For many of us across the UK, the entire experience of parenthood has been shaped by the Coronavirus and the different society it has created. Here mum Kalley talks about her child’s first year in the pandemic’s shadow and what she’s looking forward to as we emerge from it.
We found out I was pregnant just before the first lockdown. We got married in November 2019 and although we weren’t officially trying for a baby, we weren’t, you know… not trying – we just didn’t want to put pressure on ourselves to conceive as I am naturally anxious and I just wanted to see what happened. I’d taken a test as I’d just felt weird – extra hungry and a bit travel sick when my husband drove – I honestly thought it was just his driving!
But one day I was in a pharmacy and intuition just told me to pick a test up, so I couldn’t believe it when it showed I was pregnant. I came downstairs to show my husband and all he said was “what does that mean?” It was a bit of an anti-climax!
I was trying to scrape myself off the ceiling… but he brought me down quickly. We still joke now whenever a man on TV or an online video is overjoyed about finding out! I think he was just overwhelmed as he was pacing up and down the living room as we video called our parents to tell them about it.
The timing was difficult as we’d agreed to not tell anyone, but I was given a furlough form at work and one of the questions asked if I was pregnant. It would have felt really shady not to mention it so I had to tell my boss, but she was lovely and kept it secret for me.
I mostly enjoyed my pregnancy but parts of it were hard and stressful, to be honest. My mum’s an ex-midwife and I’d secretly always been counting on her support, but I could only see her occasionally during pregnancy and she couldn’t hug me… even some of the “real” midwife appointments had to take place over the phone. It felt like something huge was missing and that was quite upsetting.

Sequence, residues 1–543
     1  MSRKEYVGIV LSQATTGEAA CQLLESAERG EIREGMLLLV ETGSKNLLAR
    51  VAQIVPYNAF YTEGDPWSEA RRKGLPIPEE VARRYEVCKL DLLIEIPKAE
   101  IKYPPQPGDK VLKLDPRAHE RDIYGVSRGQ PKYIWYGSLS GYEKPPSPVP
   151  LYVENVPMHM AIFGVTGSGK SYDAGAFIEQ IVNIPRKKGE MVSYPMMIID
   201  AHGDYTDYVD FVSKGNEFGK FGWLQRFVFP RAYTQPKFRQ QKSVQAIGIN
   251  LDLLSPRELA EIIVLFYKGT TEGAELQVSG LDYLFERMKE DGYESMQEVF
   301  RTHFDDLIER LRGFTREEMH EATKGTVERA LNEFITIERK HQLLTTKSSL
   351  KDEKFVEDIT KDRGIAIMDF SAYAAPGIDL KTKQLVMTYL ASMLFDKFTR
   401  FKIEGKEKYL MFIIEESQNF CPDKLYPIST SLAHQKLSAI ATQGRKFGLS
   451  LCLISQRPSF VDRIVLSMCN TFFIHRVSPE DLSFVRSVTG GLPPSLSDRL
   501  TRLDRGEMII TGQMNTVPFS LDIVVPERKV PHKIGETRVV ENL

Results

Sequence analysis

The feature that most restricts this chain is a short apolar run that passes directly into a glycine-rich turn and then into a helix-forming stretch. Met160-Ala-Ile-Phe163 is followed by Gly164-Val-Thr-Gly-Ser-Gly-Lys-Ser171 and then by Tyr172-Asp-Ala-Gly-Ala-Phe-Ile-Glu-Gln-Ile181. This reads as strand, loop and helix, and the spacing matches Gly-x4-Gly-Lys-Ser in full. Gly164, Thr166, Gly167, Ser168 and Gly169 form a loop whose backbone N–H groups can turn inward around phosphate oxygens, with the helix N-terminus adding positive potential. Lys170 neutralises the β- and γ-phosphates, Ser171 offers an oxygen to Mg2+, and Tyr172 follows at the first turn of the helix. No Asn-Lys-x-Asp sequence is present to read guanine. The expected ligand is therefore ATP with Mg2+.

There were other little things too like my husband not being able to come to the scans… I found that heartbreaking and we paid privately so that we could see and hear the baby ourselves, even though there wasn’t much to see at the time – she was just a little bean. But the worst thing happened at 13 weeks.
It was my husband’s birthday and I was gearing up to make it special. This was during a break in lockdowns so we planned to have an outdoor party; I had all these plans and I tried to jolly myself along and be a hostess… It was fine, despite me not feeling great. I woke up in the morning covered in blood – I was crying my eyes out and my husband had to call an ambulance. While they were coming I passed some clots and, when I passed a big one, I absolutely broke, I thought I’d passed the baby. I just kept telling the paramedics “I’m sorry, they’ve gone… they’ve gone”.
It was the first time I’d ever been in an ambulance, and I had to ride on my own because of COVID. I was just numb, even though the paramedics were so understanding but, as bad as it felt, I knew I had the support of friends and family; many of whom had the experience of miscarriages. So I reached out to them at that point and told them I thought I’d lost the baby… I just felt like there was no way that couldn’t be the case.
The worst thing was that they couldn’t work out if I had lost the baby or not. I was discharged and had to come back the following day. I sat there with my husband feeling empty but, when they did the scan, the baby was there sucking her thumb. Even though that was reassuring I was still so anxious and I was constantly checking myself to see how I was feeling in the weeks afterward.
“For me, this has felt like a process of rebuilding and I feel stronger with each family member I meet.”
Life continued as before and I returned to work, which filled up the days until, at my 32-week appointment, I was signed off and told not to work…. Which was rubbish! I went from full pay to sick pay to maternity pay – which isn’t ideal when all I could really do was browse shopping sites online!